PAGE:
JBuzz News June 29, 2012: Robert Wistrich: Jews in Contemporary Britain

JBUZZ: ISRAEL/JEWISH CULTURAL BUZZ

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JEWISH ACADEMIC & UNIVERSITY NEWS

Jews in Contemporary Britain

Source: Jewish Times of Southern New Jersey, 6-29-12

Professor Robert Wistrich is Neuburger Professor of European and Jewish history at the Hebrew University of Jerusalem, and the head of the University’s Vidal Sassoon International Center for the Study of Antisemitism. Wistrich began by stating that hatred against Jews and Israel is a controversial, passionate subject. While not wanting to be labeled a panic- monger, he noted that events in Britain during the last decade are a real cause for anxiety. Anti-Semitic incidents have risen to new peaks, calling for acute concern, but not hysteria, he said…..READ MORE

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On This Day in Jewish History March 16, 1190: 822 years after some 150 Jews were massacred in York’s Clifford Tower

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JEWISH ACADEMIC & UNIVERSITY NEWS

Centuries later, York comes to terms with the worst anti-Semitic attack in Britain

Now, 822 years after some 150 Jews were massacred in York’s Clifford Tower, a commemoration hopes to dispel the myth of the Cherem of York – the prohibition of resettling the city since the mass-murder.

Source: Haaretz, 3-16-12

Eight hundred and twenty-two years after some 150 Jews were massacred in York’s Clifford Tower, the most comprehensive commemoration of the worst anti-Semitic attack in the British Isles will take place today (Friday) in England’s ancient Capital of the North. The event will be the culmination of an academic project chronicling the York Massacre using advanced technology and dispel, the organizers hope, one of the most pervasive myths of Anglo Jewry, that of the Cherem of York – the prohibition of resettling the city following the mass-murder of its Jews.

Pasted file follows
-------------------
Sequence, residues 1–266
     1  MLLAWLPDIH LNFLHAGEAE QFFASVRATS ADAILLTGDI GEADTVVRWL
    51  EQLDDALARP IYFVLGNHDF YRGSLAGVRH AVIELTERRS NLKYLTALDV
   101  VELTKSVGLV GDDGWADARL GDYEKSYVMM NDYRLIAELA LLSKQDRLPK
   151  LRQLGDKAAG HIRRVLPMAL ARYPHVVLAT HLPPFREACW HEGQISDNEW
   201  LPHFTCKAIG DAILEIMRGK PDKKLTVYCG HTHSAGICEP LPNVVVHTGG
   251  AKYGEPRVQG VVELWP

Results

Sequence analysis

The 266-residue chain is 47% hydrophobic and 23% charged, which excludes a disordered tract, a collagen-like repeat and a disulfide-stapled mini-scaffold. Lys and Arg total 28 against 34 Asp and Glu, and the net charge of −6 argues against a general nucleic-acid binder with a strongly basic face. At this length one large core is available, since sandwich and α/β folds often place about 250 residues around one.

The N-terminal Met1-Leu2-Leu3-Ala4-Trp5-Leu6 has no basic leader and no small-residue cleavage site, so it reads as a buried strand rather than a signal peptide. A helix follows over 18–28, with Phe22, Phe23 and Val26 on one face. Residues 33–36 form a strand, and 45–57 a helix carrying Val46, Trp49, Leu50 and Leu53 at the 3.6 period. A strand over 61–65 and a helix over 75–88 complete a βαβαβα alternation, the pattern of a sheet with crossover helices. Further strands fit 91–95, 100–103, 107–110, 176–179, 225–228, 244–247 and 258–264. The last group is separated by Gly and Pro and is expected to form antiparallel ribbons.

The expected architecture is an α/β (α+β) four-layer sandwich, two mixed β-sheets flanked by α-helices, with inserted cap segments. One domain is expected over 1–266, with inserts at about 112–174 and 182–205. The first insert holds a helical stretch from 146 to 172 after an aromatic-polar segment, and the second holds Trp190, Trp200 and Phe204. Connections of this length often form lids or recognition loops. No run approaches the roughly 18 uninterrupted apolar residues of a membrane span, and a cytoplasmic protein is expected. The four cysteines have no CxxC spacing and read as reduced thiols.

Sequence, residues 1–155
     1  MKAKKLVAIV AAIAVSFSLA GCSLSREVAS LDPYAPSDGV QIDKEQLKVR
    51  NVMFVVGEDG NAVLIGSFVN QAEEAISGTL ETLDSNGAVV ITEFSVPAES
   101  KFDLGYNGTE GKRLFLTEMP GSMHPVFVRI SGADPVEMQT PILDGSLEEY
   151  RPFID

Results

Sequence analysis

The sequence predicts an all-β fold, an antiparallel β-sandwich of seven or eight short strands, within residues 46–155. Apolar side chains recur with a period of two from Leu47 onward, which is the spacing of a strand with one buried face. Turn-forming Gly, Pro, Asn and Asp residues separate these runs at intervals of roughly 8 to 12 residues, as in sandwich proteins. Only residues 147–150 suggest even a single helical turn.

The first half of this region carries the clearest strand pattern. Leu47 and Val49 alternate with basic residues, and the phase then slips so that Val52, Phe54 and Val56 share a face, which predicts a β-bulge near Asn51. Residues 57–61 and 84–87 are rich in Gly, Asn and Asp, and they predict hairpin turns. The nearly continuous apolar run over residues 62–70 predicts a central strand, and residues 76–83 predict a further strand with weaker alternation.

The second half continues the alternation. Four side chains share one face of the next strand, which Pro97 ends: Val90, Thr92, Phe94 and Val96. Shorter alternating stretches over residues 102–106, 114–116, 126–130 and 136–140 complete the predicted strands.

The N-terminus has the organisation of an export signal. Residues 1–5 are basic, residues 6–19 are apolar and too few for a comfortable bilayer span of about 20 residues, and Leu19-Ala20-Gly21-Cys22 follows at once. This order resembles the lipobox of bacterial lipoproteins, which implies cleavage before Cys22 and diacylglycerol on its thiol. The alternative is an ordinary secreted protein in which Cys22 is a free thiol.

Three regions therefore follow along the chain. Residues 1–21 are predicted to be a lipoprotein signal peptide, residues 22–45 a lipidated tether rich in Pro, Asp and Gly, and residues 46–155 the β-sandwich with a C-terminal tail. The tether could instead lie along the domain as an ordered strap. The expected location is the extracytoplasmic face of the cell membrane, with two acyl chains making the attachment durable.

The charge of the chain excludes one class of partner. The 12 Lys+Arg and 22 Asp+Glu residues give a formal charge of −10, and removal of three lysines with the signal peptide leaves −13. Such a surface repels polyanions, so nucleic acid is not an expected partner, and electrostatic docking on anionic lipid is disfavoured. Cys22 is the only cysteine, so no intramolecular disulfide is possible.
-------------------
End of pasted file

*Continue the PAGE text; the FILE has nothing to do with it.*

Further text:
Clifford’s Tower, also known as York Castle, is the most distinct landmark dominating the city’s skyline and has served for centuries as York’s symbol. First built as a Norman fort in 1068, it has been rebuilt many times and served as a military keep, prison, law court and today serves as a museum, but the only mention of the most bloody episode in its nine and a half centuries of history is a plaque at the foot of the tower unveiled by the Chief Rabbi of Britain and the Lord Mayor of York in 1978.